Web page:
Jim Kirkos knows all about the economic impact of the Super Bowl that was played at MetLife Stadium 10 years ago this month.
That is, what was predicted and what actually came for business in the area he serves as the head of the Meadowlands Chamber.
Kirkos doesn’t hold back. The economic output for the big game went mostly to New York City — and, more importantly, business in the region will need to be much more proactive in 2026 to take advantage of the World Cup playing eight games here, including the final.
“One of the big things that people gripe about when a big event comes into town is that the expected business doesn’t show up at their doors,” he said. “They end up pooh-poohing the event, and asking, ‘Why are we even doing this?’”
The area needs to take action, Kirkos said.
“It’s about creating awareness,” he said. “I’m going to work with all the neighboring towns, explaining that they can’t expect that, just because World Cup is coming here, that people are just going to walk through their doors. We learned that lesson in the Super Bowl.
“We’ve got to create buzz; we’ve got use marketing to tell people what we have to offer all over North Jersey so they will spend their discretionary dollars here.
“If we want this big economic impact, we have to go after, take control of it and do it ourselves, because it doesn’t just happen all by itself.”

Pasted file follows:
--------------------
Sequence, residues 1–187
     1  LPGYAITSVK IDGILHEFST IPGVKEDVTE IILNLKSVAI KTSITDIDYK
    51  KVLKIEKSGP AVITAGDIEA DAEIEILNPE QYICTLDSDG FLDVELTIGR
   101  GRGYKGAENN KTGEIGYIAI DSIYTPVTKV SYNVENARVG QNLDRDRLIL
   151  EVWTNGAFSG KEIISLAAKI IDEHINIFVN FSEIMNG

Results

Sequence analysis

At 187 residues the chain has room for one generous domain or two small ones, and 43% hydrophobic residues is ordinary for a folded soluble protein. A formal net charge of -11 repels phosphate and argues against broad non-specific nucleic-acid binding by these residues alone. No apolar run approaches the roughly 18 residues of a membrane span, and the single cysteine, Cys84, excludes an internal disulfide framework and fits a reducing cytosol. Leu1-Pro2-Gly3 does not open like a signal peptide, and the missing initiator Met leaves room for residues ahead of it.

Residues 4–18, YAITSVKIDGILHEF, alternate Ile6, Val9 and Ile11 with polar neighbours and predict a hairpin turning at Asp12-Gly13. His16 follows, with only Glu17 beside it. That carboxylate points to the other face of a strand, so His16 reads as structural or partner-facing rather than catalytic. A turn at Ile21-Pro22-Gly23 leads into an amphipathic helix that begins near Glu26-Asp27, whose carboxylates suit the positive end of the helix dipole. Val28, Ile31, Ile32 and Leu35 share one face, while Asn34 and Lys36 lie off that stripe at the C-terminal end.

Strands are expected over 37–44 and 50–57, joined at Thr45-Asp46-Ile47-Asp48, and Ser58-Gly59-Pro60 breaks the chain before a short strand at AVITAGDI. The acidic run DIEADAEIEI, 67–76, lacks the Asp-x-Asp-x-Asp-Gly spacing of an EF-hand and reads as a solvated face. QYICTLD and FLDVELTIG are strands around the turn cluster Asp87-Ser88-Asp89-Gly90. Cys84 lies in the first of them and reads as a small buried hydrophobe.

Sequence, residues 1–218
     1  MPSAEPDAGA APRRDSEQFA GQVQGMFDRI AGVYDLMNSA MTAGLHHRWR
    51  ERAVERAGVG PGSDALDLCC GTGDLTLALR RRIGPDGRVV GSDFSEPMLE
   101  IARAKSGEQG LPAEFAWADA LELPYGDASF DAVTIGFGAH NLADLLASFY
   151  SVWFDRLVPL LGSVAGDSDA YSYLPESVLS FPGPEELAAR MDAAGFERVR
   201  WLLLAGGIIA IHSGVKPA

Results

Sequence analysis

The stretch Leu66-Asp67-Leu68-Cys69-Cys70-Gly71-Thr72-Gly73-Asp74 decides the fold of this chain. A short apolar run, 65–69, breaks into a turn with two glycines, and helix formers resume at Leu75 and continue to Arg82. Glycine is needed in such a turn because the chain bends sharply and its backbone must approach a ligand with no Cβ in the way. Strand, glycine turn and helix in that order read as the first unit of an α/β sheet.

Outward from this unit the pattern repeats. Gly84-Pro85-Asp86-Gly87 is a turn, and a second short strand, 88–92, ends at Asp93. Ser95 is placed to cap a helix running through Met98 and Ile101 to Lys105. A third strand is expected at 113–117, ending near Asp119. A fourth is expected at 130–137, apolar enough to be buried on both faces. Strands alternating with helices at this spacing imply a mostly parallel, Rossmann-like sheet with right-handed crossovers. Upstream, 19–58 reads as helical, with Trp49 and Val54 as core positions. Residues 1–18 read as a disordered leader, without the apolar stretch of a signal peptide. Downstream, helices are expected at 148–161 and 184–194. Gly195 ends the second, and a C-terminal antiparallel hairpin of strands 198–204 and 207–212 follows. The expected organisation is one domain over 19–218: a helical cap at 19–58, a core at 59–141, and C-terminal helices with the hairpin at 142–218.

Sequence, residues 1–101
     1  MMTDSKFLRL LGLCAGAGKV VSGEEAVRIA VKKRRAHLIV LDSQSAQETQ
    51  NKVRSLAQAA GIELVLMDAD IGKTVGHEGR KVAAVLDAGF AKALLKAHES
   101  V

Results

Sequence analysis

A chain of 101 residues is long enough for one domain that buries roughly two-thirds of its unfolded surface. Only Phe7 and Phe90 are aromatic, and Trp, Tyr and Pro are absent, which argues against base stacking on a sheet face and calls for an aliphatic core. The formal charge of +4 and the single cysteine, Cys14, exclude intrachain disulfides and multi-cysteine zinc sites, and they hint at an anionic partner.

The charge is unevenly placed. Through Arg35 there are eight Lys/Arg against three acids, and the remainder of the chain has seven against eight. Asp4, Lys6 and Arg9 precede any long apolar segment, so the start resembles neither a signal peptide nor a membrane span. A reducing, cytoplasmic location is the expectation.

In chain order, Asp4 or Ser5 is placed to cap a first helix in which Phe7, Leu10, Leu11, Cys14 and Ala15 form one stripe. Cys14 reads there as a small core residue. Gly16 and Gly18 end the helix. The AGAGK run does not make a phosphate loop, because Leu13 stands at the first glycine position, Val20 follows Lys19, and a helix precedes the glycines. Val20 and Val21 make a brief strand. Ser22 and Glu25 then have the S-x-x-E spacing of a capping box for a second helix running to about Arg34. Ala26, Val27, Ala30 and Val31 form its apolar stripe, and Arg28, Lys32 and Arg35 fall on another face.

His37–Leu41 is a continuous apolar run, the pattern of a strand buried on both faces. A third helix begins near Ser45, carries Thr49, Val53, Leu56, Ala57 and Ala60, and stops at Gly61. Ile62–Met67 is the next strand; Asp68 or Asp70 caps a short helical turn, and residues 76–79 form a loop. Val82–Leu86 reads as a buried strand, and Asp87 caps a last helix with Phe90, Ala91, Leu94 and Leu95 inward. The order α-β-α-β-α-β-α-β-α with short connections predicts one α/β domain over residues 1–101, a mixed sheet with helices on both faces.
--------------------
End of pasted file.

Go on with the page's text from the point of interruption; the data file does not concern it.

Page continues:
Kirkos said he’ll meet with business leaders one on one — and hold seminars and meetings with experts.
Whatever it takes, Kirkos said.
“I think we have to help communities activate their areas for six weeks of games,” he said.
That process starts with the Meadowlands Chamber itself — which plans to use its headquarters in Lyndhurst as a destination.
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“Our visitors center has an 8×10 Samsung HD video wall — it’s being upgraded this week,” he said. “We’re going to host a watch party for every single game that’s being played here for those who can’t get tickets.
“We want our communities to do the same. We want people going into the sports bars and restaurants. We want outdoor festivals. Creating this buzz around World Cup is how we can capitalize on all the economic impact.”
Kirkos, ever the truth-teller, isn’t afraid to say the obvious: New York City, with all it has to offer, is going to get more of its share of the generated revenue.
That’s OK, he said.
“There’s plenty left over — and it’s my job to help the businesses in the Meadowlands get their share,” he said. “We’re partners with New York City, but I’m working to make sure we get more of our fair share on this side of the river.
“So, I’m going to go out there and motivate our members and our businesses to do what it takes to ramp up the recognition and the awareness of their properties — and not just wait for people to walk through your door.”